The other part is actually getting the name of the tracked branch (lines 8-10).

This can be achieved with git rev-parse @{u}, which is short for git rev-parse <current-branch>@{upstream}. The 2>/dev/null is there since this command will fail if the current branch is not set to track anything, and the options are there only to make the output more readable3, so they’re not strictly speaking required.

And that’s it!

The only other addition I made to this is that, since you can already get a list of modified files, you can use xargs to pass them all to your text editor of choice (in my case, Kate) and open them all in one go.

With this extra alias

kate = "!f(){ git files $1 | xargs -r kate; }; f"

my workflow is now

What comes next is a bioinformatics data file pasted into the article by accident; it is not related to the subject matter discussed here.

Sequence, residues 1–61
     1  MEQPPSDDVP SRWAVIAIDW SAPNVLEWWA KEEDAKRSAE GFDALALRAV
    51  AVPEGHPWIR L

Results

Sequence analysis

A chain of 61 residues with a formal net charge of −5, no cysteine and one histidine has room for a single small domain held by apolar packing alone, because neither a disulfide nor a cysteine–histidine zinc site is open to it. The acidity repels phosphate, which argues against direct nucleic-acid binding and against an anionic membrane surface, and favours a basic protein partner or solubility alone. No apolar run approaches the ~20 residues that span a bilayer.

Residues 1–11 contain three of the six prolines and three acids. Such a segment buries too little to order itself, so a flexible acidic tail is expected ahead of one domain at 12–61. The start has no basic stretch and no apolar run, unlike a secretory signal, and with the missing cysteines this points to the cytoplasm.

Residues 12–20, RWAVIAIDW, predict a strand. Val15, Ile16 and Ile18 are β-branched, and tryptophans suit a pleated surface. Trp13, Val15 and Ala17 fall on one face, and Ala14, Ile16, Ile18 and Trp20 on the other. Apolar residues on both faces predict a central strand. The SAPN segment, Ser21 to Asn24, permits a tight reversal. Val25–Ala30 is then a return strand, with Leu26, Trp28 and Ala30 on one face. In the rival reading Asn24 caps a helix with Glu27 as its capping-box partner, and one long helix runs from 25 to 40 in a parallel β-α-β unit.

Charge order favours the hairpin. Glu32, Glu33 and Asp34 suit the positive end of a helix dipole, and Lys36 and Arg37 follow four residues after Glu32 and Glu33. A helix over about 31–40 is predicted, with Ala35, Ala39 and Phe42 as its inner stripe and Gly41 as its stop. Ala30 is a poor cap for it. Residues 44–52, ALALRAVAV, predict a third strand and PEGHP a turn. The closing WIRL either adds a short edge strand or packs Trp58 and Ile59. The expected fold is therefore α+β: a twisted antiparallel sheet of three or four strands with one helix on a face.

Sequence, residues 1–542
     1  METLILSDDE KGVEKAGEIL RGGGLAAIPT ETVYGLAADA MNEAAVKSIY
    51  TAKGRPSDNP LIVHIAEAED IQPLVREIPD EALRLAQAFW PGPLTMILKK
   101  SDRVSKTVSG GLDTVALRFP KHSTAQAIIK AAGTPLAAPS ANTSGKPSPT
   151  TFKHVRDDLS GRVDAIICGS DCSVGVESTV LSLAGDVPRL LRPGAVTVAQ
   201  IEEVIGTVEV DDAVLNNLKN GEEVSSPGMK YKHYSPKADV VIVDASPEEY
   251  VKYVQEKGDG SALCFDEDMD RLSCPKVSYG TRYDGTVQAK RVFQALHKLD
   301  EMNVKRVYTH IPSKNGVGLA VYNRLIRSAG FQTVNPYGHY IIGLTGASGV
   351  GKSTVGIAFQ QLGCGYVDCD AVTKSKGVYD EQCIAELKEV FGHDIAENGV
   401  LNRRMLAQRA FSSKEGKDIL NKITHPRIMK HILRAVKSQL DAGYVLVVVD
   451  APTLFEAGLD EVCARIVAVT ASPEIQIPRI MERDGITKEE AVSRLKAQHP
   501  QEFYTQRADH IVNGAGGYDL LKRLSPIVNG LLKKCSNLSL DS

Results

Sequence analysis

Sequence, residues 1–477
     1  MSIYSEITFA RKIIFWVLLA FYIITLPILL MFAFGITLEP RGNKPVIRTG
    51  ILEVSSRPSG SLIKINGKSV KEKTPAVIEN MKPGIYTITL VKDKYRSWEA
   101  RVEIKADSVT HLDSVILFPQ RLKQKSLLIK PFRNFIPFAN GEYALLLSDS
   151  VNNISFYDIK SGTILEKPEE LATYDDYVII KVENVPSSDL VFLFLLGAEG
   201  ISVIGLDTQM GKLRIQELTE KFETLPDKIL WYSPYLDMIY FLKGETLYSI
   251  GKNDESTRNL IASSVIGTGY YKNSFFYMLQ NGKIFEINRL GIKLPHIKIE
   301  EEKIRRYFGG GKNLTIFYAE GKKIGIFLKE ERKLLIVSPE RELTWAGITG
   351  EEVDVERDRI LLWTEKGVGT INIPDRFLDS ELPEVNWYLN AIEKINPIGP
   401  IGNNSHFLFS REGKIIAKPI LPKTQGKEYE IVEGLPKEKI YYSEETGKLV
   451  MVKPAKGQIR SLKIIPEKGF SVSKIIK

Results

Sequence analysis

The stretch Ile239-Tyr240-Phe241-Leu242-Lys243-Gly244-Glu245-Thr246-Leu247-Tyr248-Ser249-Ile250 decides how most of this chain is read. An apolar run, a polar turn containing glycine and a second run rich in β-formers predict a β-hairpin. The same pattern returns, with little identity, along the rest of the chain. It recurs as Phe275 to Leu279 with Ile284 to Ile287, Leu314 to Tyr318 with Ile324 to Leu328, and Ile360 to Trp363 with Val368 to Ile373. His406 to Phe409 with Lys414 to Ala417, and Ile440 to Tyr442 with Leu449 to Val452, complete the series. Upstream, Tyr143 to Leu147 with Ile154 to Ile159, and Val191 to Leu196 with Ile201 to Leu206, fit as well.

git checkout $branch
git kate master

and I can easily see what has changed in this branch, no matter what. 🚀

Pasting this into your .gitconfig

In order to use it in your .gitconfig file, however, this needs to be escaped and quoted just-so. Here’s how that would look. Note that in this version, which is closer to what I actually use, the bit to get the tracked branch has been put into a separate alias, since I use it in a number of other places.

# Print name of tracked remote, or return 1 if not tracking
tracked = "!f() {                                                  \
    local BRANCH=$(                                                \
        git rev-parse                                              \
            --abbrev-ref                                           \
            --symbolic-full-name @{u} 2>/dev/null                  \
    );                                                             \
    if [ ! -z \"$BRANCH\" ]; then                                  \
        echo $BRANCH;                                              \
    else                                                           \